Today's News for
Friday, January 30, 2015
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NEWS FROM NASFAA
The Department of Education released Pell payment and disbursement schedules for the 2015-16 award year late yesterday afternoon. After taking into account mandated, automatic CPI-adjusted increases to the mandatory funds, the maximum grant will be $5,775. That maximum is $45 more than the 2014-15 maximum, but less than the initial estimates ED released in December after passage of the FY2015 spending bill. ED also announced that additional guidance would be forthcoming for students who became Title IV-eligible through a newly instated ability-to-benefit pathway for students enrolled in an eligible career pathway program.
When you log into the NASFAA website, you gain access to all of the member-only content AND your myNASFAA profile. Located in the Membership Center under Manage Your Membership, your myNASFAA profile allows you to: 1) Update your contact information, including your job title; 2) Update your demographic information; 3) Add your name to the Speaker/Mentor Directory; 4) View your committee involvement; 5) Review past orders, as well as current meeting and event registrations; 6) Temporarily put Today’s News on a vacation hold, and more! If you haven’t accessed your myNASFAA profile recently, please do so today. If you have any questions, email firstname.lastname@example.org.
Looking for guidance to help you evaluate your institution's compliance with current statutes, regulations, and other U.S. Department of Education (ED) requirements? The first phase of the 30th edition of NASFAA’s Self-Evaluation Guide for Institutional Participation in Title IV and Other Federal Programs can help. This edition of NASFAA's Self-Evaluation Guide serves as an in-house self-assessment tool to help your institution prepare for required audits of the institution's administration of the Title IV student financial assistance programs during the 2014−15 award year. NASFAA members can download the guide, complimentary – the price will be reduced to $0 in your shopping cart.
On NASFAA's 2014-2015 Webinar Series page, you can get archived versions of the webinars that have already taken place – including the Gainful Employment: The 2014 Final Rules webinar, which is free of charge for all NASFAA members. You can also learn more about, and register for, upcoming webinars on topics including Consumer Information, Student Eligibility – Enrollment Issues, and Cohort Default Rate Issues. Each webinar is $115 for members and $230 for non-members. Webinar Package purchasers still need to register in advance for each webinar they plan to attend; during the registration process, the balance will be $0.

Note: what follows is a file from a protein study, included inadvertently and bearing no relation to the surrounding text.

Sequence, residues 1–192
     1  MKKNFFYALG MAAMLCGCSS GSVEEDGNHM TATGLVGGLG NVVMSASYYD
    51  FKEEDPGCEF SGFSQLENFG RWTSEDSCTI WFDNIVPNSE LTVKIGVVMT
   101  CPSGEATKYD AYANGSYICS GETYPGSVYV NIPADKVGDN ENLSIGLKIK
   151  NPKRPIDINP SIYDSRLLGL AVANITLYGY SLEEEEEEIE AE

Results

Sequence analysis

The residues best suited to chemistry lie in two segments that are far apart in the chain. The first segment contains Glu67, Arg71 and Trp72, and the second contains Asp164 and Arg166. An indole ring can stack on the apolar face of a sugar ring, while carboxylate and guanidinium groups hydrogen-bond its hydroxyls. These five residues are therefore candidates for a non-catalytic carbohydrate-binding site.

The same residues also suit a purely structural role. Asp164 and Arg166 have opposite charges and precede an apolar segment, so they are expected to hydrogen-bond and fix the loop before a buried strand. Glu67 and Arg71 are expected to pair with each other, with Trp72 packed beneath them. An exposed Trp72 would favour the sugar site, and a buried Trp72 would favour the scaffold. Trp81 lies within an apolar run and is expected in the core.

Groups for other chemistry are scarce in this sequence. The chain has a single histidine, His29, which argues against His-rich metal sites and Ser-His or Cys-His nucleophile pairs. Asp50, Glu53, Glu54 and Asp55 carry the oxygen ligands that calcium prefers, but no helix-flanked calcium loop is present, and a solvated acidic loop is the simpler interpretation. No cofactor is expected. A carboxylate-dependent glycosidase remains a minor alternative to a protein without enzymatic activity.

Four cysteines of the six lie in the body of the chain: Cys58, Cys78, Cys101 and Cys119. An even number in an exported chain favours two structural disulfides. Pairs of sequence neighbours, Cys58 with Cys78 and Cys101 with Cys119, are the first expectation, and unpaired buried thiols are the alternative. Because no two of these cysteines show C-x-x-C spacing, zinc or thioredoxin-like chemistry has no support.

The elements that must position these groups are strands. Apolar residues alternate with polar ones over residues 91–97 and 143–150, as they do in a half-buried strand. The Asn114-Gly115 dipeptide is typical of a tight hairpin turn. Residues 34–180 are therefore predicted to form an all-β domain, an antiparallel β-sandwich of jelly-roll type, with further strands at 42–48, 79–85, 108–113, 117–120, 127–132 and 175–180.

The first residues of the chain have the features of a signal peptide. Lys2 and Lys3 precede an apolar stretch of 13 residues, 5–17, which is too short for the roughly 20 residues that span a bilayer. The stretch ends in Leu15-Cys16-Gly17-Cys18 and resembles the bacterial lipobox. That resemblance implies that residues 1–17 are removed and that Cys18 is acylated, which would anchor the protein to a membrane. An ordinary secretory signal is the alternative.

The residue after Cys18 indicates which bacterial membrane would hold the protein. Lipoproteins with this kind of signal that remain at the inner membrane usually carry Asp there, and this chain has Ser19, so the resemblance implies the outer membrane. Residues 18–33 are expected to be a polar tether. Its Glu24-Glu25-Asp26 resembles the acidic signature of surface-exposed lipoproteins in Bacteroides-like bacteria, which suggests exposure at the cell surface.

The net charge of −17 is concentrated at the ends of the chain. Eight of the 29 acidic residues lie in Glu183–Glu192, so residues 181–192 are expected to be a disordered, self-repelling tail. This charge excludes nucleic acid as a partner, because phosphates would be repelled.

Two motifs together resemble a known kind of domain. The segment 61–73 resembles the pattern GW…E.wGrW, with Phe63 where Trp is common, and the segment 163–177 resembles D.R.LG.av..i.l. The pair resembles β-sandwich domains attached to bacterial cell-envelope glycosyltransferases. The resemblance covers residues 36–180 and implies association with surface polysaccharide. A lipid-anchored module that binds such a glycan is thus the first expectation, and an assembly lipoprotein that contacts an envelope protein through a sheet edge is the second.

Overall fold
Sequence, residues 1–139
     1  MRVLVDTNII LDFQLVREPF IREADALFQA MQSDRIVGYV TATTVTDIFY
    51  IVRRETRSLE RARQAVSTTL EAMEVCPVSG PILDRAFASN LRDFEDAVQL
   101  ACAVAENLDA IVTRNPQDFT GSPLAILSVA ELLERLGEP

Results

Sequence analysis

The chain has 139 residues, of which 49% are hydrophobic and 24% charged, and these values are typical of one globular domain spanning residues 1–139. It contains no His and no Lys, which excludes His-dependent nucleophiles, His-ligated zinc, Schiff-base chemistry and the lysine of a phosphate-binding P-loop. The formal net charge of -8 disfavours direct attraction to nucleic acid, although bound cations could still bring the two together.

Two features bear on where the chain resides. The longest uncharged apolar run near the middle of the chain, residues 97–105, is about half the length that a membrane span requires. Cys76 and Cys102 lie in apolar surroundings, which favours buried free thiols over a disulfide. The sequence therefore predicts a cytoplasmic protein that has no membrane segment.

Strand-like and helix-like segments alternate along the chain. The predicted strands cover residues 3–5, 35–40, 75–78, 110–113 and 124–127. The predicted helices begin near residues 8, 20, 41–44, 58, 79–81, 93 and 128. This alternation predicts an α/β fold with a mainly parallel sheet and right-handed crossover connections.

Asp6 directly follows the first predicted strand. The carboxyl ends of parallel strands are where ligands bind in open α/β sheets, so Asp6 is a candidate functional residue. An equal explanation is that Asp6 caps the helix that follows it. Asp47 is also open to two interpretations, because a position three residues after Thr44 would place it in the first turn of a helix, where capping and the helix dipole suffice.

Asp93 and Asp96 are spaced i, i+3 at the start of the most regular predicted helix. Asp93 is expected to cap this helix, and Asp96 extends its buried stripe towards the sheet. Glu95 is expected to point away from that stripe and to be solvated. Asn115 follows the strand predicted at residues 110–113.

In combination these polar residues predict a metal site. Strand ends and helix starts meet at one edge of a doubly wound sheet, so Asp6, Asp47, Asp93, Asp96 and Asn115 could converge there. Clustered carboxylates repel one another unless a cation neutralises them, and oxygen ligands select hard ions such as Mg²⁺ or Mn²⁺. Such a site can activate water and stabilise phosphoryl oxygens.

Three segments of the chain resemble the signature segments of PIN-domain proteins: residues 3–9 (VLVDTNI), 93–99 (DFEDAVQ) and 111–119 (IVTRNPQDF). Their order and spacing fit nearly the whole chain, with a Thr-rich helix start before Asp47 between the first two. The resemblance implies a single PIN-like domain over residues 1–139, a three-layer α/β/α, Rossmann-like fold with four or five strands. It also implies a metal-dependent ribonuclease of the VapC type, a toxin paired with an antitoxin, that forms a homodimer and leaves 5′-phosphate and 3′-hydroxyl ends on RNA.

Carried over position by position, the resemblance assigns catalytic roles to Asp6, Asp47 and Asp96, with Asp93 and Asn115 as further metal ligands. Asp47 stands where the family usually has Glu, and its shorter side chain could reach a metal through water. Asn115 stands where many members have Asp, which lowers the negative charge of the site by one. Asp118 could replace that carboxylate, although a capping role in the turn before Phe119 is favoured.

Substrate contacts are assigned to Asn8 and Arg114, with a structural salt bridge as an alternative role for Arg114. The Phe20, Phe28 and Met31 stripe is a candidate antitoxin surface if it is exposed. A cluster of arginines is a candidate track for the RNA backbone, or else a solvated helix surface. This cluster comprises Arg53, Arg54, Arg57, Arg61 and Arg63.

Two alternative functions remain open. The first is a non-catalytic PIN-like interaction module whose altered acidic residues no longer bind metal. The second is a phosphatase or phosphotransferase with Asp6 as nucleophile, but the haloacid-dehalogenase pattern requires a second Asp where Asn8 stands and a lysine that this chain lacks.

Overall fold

U.S. DEPARTMENT OF EDUCATION
The attachments to this letter contain the 2015-2016 Award Year Federal Pell Grant Program Payment and Disbursement Schedules.
"A core premise of the Obama administration's college ratings
plan -- and one that makes it controversial -- is that colleges and
universities need to be held more accountable for student
outcomes," Inside Higher Ed reports.
"A prestigious Ivy League school can cost upwards of $50,000 a
year. That's out of reach for many people - especially low-income
families. But what some of those families don't know is that with
financial aid, they can attend those schools for $10,000 or
less," The Deseret News reports.
"President Obama's backpedaling this week on a provision in his
tax plan that would have gutted benefits for college-savings plans
highlights the challenges facing advocates for low-income students
who want to overhaul higher education tax breaks," Inside
Higher Ed reports.
"On Tuesday, President Obama dropped his proposal to reform
popular college savings plans. On Wednesday, Republicans wouldn't
let him hear the end of it," Time reports.
"Middle-class families are fed up. President Obama's attempt to
end a tax benefit of college savings accounts exposed a nerve: the
frustration felt by families over how hard it is to cover rising
tuition costs," Danielle Douglas-Gabriel writes in an opinion piece
for The Washington Post.
"Under fire from Republicans and even House Democratic leaders,
the White House withdrew this week its plan to end the tax-free
status of the college savings accounts known as 529 plans. It's the
first political debacle of 2015 for President Obama on the
domestic-policy front - but a part of me almost admires him for
trying this particular gambit," Charles Lane writes in an opinion
piece for The Washington Post.
Blogs and Think Tanks
"The first rule of modern tax policy is raise taxes only on the
rich. The second rule is that your family isn't rich, even if you
make a lot of money," according to The New York
Times' The Upshot.
NASFAA CAREER CENTER